T. S. Eliot, Selected Essays [New Edition] (NY: Harcourt Brace & World 1964)

See also ..
‘Ulysses, Order and Myth’ - given in RICORSO Criticism > “Major Authors” > T. S. Eliot, as infra.
  • The Dial, LXXV (Nov. 1923), pp.480-83; rep. in Mark Shorer, Josephine Miles & Gordon McKenzie, eds., Criticism: The Foundation of Modern Literary Judgment (1948) [q.pp.];
  • Seon Givens, ed., James Joyce: Two Decades of Criticism (1948, 1963), pp.198-202;
  • Robert Deming, ed., James Joyce: The Critical Heritage (London: Routledge & Kegan Paul 1970 [Vol. 1], pp.268-71.
Current page links —

unity of the soul - infra.
art is impersonal - infra.
disociation of sensibility - infra.
objective correlative - infra.

Note: the bulk of these quotations were copied by the editor in the late 1960s while studying English for an MA degree at the Univeristy of California in Santa Barbara, and transposed to digital media during the 1990s. At the time of first meeting them, the concept that held most interest was ‘the metaphysical theory of the substantial unity of the soul’ in its relation to the idea of poetry as the expression of emotion which Eliot mentions only to put by. The connection between his idea of impersonality in this essay and the impersonality of Flaubert and James Joyce also held much interest. It is worth adding that the most eminent critic teaching at Santa Barbara during the period in question was Hugh Kenner, the brilliant - if sometimes wrong-headed (at least in an Irish context) - student of Flaubert, Eliot, Joyce, and Pound. [BS]

T. S. Eliot, “Tradition and the Individual Talent”, in ibid.,
He must be quite aware of the obvious fact that art never improves, but that the material of art is never quite the same. He must be aware that the mind of Europe - the mind of his own country - a mind which he learns in time to be much more important than his own private mind - is a mind which changes, and that this change is a development which abandons nothing en route, which does not superannuate either Shakespeare, or Homer, or the rock drawing of the Magdalenian draughtsman. That this development, refinement perhaps, complication certainly, is not, from the point of view of the artist, any improvement. Perhaps not even an improvement from the point of view of the psychologist or not to the extent which we imagine; perhaps only in the end based upon a complication in economics and machinery. But the difference between the present and the past is that the conscious present is an awareness of the past in a way and to an extent which the past's awareness of itself cannot show. [...]

What is to be insisted upon is that the poet must develop or procure the consciousness of the past and that he should continue to develop this consciousness throughout his career. [...]

What happens is a continual surrender of himself as he is at [6] the moment to something which is more valuable. The progress of an artist is a continual self-sacrifice, a continual extinction of personality. [...] it is in this depersonalization that art may be said to approach the condition of science.

[...] the conception of poetry as a living whole of all the poetry that has ever been written.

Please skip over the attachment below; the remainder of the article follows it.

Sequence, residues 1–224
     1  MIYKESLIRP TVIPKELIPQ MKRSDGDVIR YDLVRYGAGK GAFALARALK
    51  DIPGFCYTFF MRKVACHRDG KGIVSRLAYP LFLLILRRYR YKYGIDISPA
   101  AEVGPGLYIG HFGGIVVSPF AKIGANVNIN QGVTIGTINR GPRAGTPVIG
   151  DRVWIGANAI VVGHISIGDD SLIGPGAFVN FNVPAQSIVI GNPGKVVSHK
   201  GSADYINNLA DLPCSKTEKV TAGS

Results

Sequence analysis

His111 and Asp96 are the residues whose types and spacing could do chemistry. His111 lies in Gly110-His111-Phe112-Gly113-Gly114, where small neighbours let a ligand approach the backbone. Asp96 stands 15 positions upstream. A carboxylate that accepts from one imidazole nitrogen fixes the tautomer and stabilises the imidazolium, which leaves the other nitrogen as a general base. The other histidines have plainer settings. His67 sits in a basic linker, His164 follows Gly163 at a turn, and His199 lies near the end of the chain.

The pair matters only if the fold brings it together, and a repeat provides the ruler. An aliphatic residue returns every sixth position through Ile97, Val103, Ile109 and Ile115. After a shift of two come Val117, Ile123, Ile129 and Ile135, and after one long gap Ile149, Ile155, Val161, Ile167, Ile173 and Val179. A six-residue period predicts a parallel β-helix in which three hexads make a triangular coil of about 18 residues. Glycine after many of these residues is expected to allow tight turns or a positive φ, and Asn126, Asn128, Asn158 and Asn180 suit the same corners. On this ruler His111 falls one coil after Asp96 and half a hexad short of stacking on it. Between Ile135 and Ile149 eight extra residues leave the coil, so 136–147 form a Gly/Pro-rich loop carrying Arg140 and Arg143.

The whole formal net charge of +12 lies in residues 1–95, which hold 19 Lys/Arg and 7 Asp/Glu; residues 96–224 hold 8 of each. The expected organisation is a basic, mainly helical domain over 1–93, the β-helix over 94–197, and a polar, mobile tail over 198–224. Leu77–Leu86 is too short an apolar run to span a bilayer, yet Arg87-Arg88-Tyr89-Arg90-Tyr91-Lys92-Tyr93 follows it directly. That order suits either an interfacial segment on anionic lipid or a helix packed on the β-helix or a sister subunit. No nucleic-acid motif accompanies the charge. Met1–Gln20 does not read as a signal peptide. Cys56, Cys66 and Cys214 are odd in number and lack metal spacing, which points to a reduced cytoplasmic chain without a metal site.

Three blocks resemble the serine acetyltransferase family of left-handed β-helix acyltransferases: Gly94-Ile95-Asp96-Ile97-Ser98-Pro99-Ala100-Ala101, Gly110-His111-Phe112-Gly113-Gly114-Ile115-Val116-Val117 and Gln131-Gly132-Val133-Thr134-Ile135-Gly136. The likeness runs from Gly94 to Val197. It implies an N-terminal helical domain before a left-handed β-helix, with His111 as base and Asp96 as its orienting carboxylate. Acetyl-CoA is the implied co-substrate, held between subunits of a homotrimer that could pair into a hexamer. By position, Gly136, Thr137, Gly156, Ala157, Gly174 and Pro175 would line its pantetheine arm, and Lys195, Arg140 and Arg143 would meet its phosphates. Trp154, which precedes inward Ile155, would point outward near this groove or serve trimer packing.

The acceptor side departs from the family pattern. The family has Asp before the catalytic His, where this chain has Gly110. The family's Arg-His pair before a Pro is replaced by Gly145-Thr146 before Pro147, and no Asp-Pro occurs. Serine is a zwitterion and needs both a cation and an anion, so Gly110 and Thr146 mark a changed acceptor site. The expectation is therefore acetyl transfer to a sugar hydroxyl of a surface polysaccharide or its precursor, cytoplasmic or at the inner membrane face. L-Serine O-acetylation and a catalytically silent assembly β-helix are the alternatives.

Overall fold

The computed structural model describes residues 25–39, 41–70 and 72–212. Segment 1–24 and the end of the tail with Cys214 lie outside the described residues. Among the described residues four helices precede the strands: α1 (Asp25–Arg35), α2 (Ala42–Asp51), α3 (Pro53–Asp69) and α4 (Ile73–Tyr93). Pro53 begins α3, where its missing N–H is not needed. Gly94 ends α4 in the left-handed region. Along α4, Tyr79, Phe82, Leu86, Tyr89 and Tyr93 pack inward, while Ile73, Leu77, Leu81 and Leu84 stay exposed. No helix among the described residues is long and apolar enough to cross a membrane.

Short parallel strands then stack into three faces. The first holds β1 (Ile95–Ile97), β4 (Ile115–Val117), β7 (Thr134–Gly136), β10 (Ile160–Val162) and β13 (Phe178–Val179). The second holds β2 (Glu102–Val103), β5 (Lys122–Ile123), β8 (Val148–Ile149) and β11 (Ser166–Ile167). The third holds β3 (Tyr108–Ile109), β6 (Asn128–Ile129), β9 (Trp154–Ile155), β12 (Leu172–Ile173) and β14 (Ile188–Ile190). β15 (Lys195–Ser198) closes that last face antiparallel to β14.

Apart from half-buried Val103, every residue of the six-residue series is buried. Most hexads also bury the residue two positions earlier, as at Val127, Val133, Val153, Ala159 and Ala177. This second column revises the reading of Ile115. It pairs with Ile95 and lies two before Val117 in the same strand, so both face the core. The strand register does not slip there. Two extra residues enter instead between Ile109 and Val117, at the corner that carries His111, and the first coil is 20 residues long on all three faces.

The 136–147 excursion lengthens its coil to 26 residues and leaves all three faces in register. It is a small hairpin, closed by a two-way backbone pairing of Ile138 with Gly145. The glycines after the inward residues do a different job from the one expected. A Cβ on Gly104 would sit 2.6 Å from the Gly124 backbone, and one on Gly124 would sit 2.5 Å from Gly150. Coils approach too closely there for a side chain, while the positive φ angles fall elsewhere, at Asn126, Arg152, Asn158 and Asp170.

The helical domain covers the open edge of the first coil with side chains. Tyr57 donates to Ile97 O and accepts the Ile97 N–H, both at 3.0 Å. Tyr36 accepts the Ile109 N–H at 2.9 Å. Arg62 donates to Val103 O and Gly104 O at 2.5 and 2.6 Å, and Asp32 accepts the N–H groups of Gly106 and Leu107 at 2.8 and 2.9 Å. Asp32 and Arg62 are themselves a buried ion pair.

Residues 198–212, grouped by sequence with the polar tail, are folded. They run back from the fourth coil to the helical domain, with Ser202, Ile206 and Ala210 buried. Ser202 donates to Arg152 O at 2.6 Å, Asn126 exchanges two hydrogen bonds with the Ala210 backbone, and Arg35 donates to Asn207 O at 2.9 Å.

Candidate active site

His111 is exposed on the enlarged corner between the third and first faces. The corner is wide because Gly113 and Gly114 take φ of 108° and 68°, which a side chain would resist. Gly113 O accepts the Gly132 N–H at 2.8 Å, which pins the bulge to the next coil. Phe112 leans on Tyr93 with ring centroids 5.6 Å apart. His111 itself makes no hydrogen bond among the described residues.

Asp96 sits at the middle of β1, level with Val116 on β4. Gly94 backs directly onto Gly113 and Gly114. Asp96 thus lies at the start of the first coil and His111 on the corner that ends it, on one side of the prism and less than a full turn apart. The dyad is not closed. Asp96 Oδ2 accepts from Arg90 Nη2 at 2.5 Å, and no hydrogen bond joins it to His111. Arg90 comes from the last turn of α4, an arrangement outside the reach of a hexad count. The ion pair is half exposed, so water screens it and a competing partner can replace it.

[...] the more perfect the artist, the more completely [7] separate in him will be the man who suffers and the mind which creates; the more perfectly will the mind digest and transmute the passions which are its materials.
  The experience, you will notice, the elements which enter the presence of the transforming catalyst, are of two kinds: emotions and feelings. The effect of a work of art upon the person who enjoys it is an experience different in kind from any experience not of art. It may be formed out of one emotion, or may be a combination of several; and various feelings, inhering for the writer in particular words or phrases or images, may be added to compose the final result. [...] The poet's mind is in fact a receptacle for seizing and storing up numberless feelings, phrases, images, which remains there until all the particles which can unite to for a new compound are present together.
 

If you compare several representative passages of the greatest poetry you see how great is the variety of types of combination, and also how completely any semi-ethical criterion of “sublimity” misses the mark. For it is not the “greatness,” the intensity, of the emotions, the components, but the intensity of the artistic process, the pressure, so to speak, under which the fusion takes place, that counts. The episode of Paolo and Francesca employs a definite emotion, but the intensity of the poetry is something quite different from whatever intensity in the supposed experience it may give the impression of. It is no more intense, furthermore, than Canto XXVI, the voyage of Ulysses, which has not the direct dependence upon an emotion. Great variety is possible in the process of transmutation of emotion: the murder of Agamemnon, or the agony of Othello, gives an artistic effect apparently closer to a possible original than the scenes from Dante. [8]

In the Agamemnon, the artistic emotion approximates to the emotion of an actual spectator; in Othello to the emotion of the protagonist himself. But the difference between art and the event is always absolute; the combination which is the murder of Agamemnon is probably as complex as that which is the voyage of Ulysses. In either case there has been a fusion of elements. The ode of Keats contains a number of feelings which have nothing particular to do with the nightingale, but which the nightingale, partly, perhaps, because of its attractive name, and partly because of its reputation, served to bring together.